Saturday, March 31, 2012

Leon Damas Centennial

The Department of African Studies and the Department of World Languages and 
Cultures would like to invite the community to the celebration of the 100th 
anniversary of the birth of Leon G. Damas, Ph.D., co-founder of the Negritude 
Movement in Paris in the 1930s and former professor at Howard University, at 3 
p.m. Thursday, April 5, in the auditorium of the Blackburn Center. There will be 
a panel discussion on the life and work of Leon Damas by Keith Warner, Ph.D., 
former chair of the Howard University Department of Romance Languages; 
Marie-Marcelle Racine, Ph.D., professor of French and Francophone Studies at the 
University of the District of Columbia; Richard Sterling, Ph.D., professor of 
French at Bowie State University; Sulayman Nyang, Ph.D., professor of African 
Studies, and E. Ethelbert Miller, director of the Afro-American Resource Center.

The keynote speech will begin at  6 p.m. in the Gallery Lounge of Blackburn 
Center by renowned novelist, author and teacher from Guadeloupe, Maryse Conde, 
Ph.D., professor at Columbia University. The title of her lecture is “In Search 
of Negritude: A Writer’s Personal Journey.”  

The event is co-sponsored by the Department of Afro-American Studies, the 
Department of History and the Department of Sociology/Anthropology. For more 
information, call 202-238-2328.

Jersey Joe Walcott
jabs- then stops -he
takes a stroll away
from the man he is
boxing -
a fist stops
in mid-air watching
him look as pretty
as any knockdown.

  - E. Ethelbert Miller

Treve de blues.
  -Leon Damas

Compassion is my art.
 -Grace A. Ali

God makes stars. It's up to producers to find them.
 -Samuel Goldwyn

 Q. When did you get the idea for your Altar Ego art project? Is it linked to any texts that you read?

I got the idea while I was preparing to go to Hawaii for an art reception. I love the possibilities that body painting allows.  There can be a transformation that makes one feel more comfortable in their skin, at least that has been my experience. Last summer I was painting a writer friend of mine and we thought we should write background stories for who we became once painted.  After seeing the painting of mine, entitled Reddrrum, at Manifest in Hawaii, I knew I wanted to extend this idea of the Altar Ego.  I thought painting a lot of friends and would make for great photographs and offer people themselves as art work on canvas. The only texts that I considered included the writing I had done to go with some of the images people I had already painted.


Q. What happens when you paint over a black person's color?  Is there any relationship to corking and wearing blackface?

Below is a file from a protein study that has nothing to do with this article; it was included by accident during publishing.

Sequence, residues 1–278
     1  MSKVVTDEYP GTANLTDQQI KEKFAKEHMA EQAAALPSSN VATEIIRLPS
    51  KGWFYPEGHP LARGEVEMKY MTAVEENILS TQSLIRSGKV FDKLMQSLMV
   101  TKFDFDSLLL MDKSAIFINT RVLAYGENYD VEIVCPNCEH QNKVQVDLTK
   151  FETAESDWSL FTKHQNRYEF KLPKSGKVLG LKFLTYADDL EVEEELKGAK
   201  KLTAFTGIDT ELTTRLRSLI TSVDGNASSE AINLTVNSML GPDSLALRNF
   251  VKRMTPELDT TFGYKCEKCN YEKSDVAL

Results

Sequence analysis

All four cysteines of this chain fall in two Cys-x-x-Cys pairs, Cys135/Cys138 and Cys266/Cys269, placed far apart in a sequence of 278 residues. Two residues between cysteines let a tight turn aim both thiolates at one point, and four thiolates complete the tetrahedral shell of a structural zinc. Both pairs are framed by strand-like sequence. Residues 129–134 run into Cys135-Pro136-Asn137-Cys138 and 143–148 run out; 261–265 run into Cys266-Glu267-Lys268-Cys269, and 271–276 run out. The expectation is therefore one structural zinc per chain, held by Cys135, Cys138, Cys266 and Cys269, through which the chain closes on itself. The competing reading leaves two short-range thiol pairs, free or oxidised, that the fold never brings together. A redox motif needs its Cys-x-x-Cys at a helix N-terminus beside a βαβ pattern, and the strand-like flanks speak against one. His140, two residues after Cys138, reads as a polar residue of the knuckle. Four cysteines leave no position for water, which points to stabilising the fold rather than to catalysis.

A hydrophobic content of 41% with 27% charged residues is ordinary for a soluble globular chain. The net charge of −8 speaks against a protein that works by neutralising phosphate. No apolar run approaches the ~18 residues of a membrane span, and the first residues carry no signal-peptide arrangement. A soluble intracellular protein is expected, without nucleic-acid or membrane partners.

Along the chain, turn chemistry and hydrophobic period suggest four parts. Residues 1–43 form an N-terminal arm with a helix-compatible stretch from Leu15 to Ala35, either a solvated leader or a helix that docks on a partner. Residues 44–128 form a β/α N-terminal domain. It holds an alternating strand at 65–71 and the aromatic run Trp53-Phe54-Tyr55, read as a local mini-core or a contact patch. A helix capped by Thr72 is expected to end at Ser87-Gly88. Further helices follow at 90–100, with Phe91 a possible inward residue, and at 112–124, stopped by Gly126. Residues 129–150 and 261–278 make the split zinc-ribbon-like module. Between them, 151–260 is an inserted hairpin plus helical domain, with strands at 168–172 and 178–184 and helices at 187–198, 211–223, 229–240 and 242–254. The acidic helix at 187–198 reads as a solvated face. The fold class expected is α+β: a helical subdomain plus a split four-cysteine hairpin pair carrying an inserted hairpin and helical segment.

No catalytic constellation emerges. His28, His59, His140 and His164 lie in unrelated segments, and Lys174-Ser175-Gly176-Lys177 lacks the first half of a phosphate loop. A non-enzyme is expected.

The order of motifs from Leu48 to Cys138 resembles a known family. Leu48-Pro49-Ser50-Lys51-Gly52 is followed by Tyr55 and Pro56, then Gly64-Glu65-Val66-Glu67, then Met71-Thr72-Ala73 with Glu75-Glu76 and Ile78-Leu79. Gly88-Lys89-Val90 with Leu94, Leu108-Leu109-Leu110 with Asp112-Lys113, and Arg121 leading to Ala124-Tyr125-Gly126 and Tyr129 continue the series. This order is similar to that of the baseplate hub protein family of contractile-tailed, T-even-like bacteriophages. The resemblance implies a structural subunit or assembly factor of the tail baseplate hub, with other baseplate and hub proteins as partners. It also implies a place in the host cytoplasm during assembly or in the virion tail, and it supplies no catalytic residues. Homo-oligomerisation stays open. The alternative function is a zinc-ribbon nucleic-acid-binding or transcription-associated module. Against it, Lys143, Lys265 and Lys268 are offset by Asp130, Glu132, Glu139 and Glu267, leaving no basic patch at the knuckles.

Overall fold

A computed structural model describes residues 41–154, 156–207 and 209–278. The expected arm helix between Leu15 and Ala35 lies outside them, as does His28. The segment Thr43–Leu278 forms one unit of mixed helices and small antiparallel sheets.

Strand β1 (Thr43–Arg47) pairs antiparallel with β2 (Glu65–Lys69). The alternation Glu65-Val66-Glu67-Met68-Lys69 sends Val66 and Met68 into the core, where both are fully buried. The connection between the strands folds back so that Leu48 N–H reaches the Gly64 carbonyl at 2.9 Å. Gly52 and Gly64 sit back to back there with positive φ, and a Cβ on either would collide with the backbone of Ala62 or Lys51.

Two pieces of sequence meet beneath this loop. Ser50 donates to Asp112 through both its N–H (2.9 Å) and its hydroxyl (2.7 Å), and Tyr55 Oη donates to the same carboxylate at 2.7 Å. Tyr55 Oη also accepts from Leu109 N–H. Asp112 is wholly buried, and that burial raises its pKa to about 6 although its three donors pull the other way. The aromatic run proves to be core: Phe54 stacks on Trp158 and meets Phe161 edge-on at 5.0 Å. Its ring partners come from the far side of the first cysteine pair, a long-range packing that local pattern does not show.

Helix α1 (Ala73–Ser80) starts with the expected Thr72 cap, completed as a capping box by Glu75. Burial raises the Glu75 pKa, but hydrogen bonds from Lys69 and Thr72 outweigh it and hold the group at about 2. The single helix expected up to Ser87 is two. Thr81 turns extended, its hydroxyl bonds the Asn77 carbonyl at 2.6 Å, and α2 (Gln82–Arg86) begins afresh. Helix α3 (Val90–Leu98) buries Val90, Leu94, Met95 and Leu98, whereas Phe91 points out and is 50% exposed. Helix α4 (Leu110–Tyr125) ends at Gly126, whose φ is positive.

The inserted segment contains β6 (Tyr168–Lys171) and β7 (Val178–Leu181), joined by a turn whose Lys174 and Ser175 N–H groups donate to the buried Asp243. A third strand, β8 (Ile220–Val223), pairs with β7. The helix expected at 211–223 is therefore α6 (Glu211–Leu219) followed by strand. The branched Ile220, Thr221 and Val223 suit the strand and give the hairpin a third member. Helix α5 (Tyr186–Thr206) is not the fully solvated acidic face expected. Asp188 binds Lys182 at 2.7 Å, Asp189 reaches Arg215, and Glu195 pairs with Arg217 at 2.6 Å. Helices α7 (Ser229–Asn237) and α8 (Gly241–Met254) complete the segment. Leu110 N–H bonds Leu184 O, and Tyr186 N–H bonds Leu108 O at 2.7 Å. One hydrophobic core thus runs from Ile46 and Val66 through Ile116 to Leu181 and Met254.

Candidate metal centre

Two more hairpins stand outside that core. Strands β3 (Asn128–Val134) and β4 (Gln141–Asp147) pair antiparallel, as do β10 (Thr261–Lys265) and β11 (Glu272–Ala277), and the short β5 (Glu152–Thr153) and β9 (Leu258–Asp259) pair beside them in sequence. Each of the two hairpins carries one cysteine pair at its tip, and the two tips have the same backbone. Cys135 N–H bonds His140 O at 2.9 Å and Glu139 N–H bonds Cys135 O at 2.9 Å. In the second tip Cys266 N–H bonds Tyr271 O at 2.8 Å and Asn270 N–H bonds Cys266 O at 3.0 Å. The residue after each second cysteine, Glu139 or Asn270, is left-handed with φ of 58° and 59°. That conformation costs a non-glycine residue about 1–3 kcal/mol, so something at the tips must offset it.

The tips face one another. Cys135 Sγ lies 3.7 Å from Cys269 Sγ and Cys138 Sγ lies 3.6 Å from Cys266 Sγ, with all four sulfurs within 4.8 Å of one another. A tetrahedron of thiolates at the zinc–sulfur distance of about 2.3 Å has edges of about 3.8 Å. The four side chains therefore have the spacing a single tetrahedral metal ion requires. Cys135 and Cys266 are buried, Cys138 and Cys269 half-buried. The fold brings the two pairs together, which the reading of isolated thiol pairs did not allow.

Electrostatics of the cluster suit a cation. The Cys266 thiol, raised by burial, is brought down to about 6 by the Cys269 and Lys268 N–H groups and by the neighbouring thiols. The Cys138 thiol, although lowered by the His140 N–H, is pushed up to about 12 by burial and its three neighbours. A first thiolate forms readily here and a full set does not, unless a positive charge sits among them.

When I paint a black or person of color they are painted. I use stage paint that is opaque. The colors come out as vibrate, if not more so, on brown skin. For whatever reason the second part of that question makes me angry.  This is nothing like blackface, we are not imitating ourselves to entertain others.  This project is about freeing one's self or becoming more connected to who we know and feel we are inside.  Many of the people who have agreed to be a part of this project have expressed more confidence and power once painted.  They have explained, in writing, that their body image issues go by the wayside and they become the more powerful being they feel they cannot be in everyday life. 

Q. What are some of the large philosophical questions behind your art project?

A long time ago my mother gave me the book Women Who Run With the Wolves.  That was so long ago I do not recall the words in book but I remember the spirit of the words.  Over the past twenty years I have looked for people like me...we seem to gravitate towards each other.  Some of us practice Voodun others are Buddhists or Christians but all have a spirited shine that keeps us questioning, creating, and more importantly we are becoming more comfortable with ourselves. I have an altar and several friends who give me advice regarding my actual altar and the one that lives within me.  For many nations, cultures, peoples, painting and adorning one's self is/was a call to ceremony.  In many ways, those of use who find ourselves on a path we "blaze" alone, have a sense that our milestones in life are not honored in a spiritual and loving way.  Instead some of us tattoo ourselves, go to Burning Man, write, perform, paint, reach to the past and bring ceremonies to our front porches, burning sage, calling on the ancestors we see that we are a small sect.  Altar Ego is an opportunity to acknowledge members in this community, to work with them through the painting and hopefully give something to them...something I owe them for running with me and keeping me sane and safe all the while.

Q. Is it possible to leave one's ego at the altar?